Secretary of Education Betsy DeVos kicked the can down the road again on regulations designed to protect collect students from predatory loans from for-profit colleges. Rather than implementing or altering Obama-era tweaks to the legislation that would have made the decades-old rule even more accessible for students, the Department of Education instead declared that it can’t sort this out until July of 2019 — right when candidates will start throwing their hats in for 2020 nominations. Meanwhile, the Trump administration says this will save taxpayers money and won’t affect students making a claim against predatory lenders.
People are riled up. Not only are 18 states suing DeVos over the delays, the latest setback has senators and attorney generals accusing her of illegal thumb-twiddling. One of them is Senator Patty Murray, who said, “Instead of giving predatory corporations the green light to continue to take advantage of students, Secretary DeVos needs to stop these outrageous delays and start providing relief to the tens of thousands of students who have been cheated out of their education and savings.”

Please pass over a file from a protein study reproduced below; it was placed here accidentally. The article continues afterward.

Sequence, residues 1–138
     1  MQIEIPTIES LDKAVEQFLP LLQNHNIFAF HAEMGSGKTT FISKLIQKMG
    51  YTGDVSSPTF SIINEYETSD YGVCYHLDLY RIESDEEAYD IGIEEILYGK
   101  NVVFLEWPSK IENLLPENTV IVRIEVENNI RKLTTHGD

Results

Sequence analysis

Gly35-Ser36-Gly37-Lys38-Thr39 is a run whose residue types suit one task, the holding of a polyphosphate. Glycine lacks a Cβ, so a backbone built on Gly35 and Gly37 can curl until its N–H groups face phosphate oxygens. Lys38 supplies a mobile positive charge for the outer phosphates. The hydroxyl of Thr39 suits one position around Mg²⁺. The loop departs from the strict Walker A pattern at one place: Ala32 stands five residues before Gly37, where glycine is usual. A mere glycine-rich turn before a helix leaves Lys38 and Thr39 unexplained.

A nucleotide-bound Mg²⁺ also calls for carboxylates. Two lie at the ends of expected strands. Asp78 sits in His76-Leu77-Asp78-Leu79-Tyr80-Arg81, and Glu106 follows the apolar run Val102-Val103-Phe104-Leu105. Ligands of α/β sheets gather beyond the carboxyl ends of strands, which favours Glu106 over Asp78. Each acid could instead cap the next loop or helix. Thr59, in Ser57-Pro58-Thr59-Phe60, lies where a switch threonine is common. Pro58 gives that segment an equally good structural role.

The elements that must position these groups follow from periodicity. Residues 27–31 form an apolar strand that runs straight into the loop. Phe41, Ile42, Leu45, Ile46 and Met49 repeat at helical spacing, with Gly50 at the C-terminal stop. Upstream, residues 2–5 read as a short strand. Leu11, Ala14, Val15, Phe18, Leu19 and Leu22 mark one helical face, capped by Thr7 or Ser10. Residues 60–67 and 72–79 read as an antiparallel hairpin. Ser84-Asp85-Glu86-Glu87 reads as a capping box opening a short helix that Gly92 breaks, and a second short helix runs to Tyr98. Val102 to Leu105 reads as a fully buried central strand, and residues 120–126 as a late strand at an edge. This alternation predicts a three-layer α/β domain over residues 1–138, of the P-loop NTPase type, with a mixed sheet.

That’s a reference to for-profit outfits run by organizations like ITT Tech and Corinthian Colleges (and, for that matter, Trump University) that have been accused of fraud for years. Obama was motivated to simplify the process by which students can make a case against these organizations and others like them, precisely because it can be so hard for students to fight back against the institutions. Massachusetts AG Maura Healey agrees and said her office is going to fight back against the DOE’s decision:
“This is another illegal delay by Secretary DeVos to allow predatory for-profit colleges to cheat students and taxpayers . Our office will fight these unlawful attempts by the Department of Education to abuse vulnerable students and families who are drowning in unaffordable debt.”
The DOE claims that it’s hamstrung by legislative timelines tied to the fiscal calendar of loan cycles. Meanwhile, 87,000 claims have piled up, although at least 10,000 are fairly clear cut cases that should have the green light, according to sources who spoke with the Washington Post. Yet for some reason, DeVos is dragging her feet. In the meantime, students and graduates will be dragging their debt behind them with little to show for it.
(Via the Washington Post)